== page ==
Don’t Worry…Simple Techniques to Reduce Stress


by Michael Corsilles~In my family medicine practice, I often talk about stress, especially with anxiety and depression being the most common psychological conditions seen in general practice.

This shouldn’t be too surprising though, based on the rising amount of marital problems, family stress, and financial issues we face every day. Unfortunately, we can eventually get stuck in a damaging, repetitive cycle of worry and fear that continually worsen our ability to deal with stress.

To break this negative cycle, focus on positivity and self improvement. Sounds a little hokey, but think about it for a second. Our society thrives on the negatives.

When your kids bring a report card, your eyes immediately focus on the low grade and ask, “Why didn’t you get an A?” At work, when was the last time your boss gave you a compliment? Conversely, how often do they criticize you? Or, when you’re driving and see a beautiful sunset, how often do you slow down to enjoy it? But if there’s a car accident, we all slow down to check out the wreckage, right? We usually don’t even notice the good things even though it’s all around us everyday.

So focus on the positives. We’re going to fill our minds with something – might as well fill it with positive thoughts. Consider this: you probably know a few TV show or commercial jingles. How is it we know most if not all of the lyrics? When we repetitively watch a TV show, we subconsciously absorb the information.

When you’re catching up on news, reading celebrity gossip, or watching reality TV, the media knows that violence and negativity sell, so it’s filled with simply that. My point is we are constantly bombarded with negativity, so we end up absorbing this negativity subconsciously, which contributes to stress, anxiety and depression.

Positivity helps, but usually isn’t enough. In addition to seeking care from a professional with counseling or even medication, consider putting these basic tips into your life to help de-stress:

  1. Laugh: When’s the last time you had a good belly laugh? Laughter actually activates your stress response and increases your heart rate and blood pressure. But eventually you reach a nice, relaxed feeling which envelops your body and boosts your mood. Laughter is the best medicine, and it’s free!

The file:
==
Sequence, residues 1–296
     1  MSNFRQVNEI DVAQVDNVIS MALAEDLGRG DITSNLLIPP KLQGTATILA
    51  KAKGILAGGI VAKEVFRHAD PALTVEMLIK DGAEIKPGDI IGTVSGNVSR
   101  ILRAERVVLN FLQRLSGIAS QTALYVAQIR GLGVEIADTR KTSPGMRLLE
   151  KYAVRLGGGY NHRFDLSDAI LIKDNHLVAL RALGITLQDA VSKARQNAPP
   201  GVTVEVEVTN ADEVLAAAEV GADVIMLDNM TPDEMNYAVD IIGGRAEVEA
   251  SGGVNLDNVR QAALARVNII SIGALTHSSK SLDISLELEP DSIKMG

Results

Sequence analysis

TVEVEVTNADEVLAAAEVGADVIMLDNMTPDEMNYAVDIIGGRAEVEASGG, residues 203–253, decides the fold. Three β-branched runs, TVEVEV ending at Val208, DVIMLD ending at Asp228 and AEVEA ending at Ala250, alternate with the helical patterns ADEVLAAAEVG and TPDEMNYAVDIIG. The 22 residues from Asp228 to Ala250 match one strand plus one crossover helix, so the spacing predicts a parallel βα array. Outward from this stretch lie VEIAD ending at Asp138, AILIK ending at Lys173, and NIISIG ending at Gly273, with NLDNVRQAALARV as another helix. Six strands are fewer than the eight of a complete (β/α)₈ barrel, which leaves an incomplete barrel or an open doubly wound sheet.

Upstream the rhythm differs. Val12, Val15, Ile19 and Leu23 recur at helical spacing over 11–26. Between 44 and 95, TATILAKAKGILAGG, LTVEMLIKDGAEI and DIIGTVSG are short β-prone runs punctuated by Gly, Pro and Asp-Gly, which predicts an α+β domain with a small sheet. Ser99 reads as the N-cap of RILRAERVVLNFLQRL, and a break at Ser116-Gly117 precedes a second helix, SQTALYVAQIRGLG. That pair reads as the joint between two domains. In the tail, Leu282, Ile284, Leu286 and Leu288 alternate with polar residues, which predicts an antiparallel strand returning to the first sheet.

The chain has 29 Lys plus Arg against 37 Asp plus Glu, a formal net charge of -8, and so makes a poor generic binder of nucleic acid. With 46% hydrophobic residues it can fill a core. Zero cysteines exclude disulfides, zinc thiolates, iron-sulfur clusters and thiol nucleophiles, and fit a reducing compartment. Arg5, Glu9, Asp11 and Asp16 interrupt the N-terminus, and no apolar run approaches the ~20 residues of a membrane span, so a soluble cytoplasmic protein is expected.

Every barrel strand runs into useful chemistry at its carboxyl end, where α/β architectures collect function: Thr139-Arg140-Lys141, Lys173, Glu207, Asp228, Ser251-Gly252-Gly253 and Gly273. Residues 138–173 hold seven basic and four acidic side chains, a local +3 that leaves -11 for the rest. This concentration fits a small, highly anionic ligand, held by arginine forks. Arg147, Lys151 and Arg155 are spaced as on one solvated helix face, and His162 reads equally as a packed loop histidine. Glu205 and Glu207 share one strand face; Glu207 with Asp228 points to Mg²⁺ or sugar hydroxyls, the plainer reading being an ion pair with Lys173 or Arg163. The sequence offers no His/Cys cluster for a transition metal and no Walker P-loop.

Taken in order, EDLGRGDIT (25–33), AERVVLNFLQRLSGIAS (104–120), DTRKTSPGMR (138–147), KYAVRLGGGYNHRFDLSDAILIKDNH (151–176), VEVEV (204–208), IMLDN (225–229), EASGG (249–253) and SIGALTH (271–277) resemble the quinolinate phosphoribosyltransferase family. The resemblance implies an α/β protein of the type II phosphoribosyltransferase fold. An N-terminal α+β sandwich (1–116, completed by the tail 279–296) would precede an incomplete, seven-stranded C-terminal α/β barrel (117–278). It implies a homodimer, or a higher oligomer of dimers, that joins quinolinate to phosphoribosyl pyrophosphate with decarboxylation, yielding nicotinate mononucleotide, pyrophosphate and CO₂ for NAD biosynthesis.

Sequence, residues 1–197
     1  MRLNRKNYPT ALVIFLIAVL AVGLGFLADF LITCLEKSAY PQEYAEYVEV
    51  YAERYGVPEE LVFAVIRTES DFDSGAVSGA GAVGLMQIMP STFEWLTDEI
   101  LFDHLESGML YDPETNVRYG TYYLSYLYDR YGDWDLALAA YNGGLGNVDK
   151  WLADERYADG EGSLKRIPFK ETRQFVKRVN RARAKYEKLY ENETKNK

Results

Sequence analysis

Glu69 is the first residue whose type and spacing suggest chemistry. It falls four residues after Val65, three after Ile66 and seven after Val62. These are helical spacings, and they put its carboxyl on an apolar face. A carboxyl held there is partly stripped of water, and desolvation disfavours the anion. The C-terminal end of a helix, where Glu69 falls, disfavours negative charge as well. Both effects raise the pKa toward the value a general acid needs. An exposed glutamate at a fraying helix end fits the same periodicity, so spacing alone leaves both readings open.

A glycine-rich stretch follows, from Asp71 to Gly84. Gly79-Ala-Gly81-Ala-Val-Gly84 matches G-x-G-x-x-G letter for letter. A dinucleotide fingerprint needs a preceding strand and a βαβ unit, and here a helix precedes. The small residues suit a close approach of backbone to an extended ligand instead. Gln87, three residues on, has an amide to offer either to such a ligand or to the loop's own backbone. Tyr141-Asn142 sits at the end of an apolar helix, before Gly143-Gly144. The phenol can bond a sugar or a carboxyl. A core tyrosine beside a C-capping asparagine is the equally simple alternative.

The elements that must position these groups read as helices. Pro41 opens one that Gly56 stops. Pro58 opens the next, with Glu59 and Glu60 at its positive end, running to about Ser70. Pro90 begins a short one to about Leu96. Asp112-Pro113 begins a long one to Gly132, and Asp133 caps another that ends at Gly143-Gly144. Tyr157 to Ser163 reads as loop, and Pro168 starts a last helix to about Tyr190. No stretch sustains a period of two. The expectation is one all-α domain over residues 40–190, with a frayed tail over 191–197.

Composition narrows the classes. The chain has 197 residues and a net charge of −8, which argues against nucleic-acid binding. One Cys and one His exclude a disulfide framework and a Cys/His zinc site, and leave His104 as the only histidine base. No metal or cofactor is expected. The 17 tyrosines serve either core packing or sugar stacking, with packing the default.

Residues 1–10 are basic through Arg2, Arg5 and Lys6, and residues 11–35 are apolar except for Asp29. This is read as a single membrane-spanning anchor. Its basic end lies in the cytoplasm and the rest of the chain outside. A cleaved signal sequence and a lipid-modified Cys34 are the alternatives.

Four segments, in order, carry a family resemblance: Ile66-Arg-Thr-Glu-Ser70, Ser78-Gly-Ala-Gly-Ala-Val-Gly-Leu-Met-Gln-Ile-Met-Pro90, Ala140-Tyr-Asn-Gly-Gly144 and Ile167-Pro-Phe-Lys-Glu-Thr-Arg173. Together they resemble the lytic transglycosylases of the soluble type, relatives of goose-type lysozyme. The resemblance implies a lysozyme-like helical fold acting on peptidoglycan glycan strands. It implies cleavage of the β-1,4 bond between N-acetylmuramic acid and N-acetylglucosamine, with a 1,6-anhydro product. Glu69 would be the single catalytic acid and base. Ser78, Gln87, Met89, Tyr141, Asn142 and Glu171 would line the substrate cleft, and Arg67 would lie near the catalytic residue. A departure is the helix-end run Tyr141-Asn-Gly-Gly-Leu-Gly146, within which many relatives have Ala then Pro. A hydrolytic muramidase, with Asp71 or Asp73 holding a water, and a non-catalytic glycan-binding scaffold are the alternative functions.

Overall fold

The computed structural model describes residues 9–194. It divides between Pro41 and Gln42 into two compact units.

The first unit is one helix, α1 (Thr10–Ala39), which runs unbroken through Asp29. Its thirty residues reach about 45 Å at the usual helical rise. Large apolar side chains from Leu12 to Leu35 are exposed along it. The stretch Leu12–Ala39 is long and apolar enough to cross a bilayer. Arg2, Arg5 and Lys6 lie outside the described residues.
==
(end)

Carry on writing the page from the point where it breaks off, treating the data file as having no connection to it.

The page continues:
2. Exercise: It’s a great non-pharmacological way to relieve stress. Regular exercise can increase self-confidence and lower the symptoms of depression and anxiety. An important tip on exercise therapy is to exercise before a stressor. If you have a big meeting or stressful event coming up, go for a quick run or a bike ride. It’s prophylactic exercise! Conversely, lack of physical activity is associated with the development of psychological disorders. Just 10 minutes a day of additional walking can make a big difference.
  3. Breathe. There are right and wrong ways to breathe. During a panic attack, you tend to hyperventilate. This is shallow breathing, and actually can throw off your acid/base balance in the body leading to more health issues. To de-stress, focus on slow, focused deep breathing. A great tactile breathing exercise is to sit in a quiet room, place one hand on your chest and the other on your stomach. Take a slow, deep inhalation through your nose. The hand on your stomach should move while the one on your chest stays still. This way you breathe with your diaphragm and not your accessory muscles like the ones around your chest and shoulders, which we tend to tense up under stress. Now exhale slowly through pursed lips. Do this exercise for at least a minute. When breathing slows down, your heart rate and blood pressure will decrease as well, and your mind will be more calm.

It’s amazing how big of an impact stress will have on our physical and mental health. If you’re concerned about your health and want to boost your mood, it’s important to focus on the positives. It’s dangerous to bond through negativity so avoid the “Negative Nellies” and Debbie Downers” in your life. Stop watching the news.

Rather, focus on improving yourself. Read an inspirational book. Learn a new language with an audio CD on your commute. Perhaps learn about other stress reduction techniques because there are many great methods available in addition to positivity, laughter and exercise. Who knows, by helping yourself, you might get motivated to help others!


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About Dr. Michael Corsilles

Michael began practicing naturopathic medicine in 2003 after receiving his medical training at Bastyr University, an internationally recognized leader in natural medicine. Naturopathic medicine is a distinct profession of primary health care, emphasizing promotion of optimal health through the use of nutrients, herbs, physical medicine, and homeopathy. Michael recognized the need to integrate naturopathic medicine with conventional medicine so obtained a Physician Assistant certification from the University of Washington. There is an increasing demand for integrated healthcare, and as a naturopathic physician and a physician assistant, Michael can merge both types of medicine to provide a well-rounded plan of care to my patients. Michael chose medicine as a career because he truly enjoy interacting with people and sharing life experiences. A visit to your health care provider should not only be about treating disease, but also about promoting a healthy lifestyle. Michael trys to foster a mutually respectful relationship with each patient to promote a team approach to medicine.

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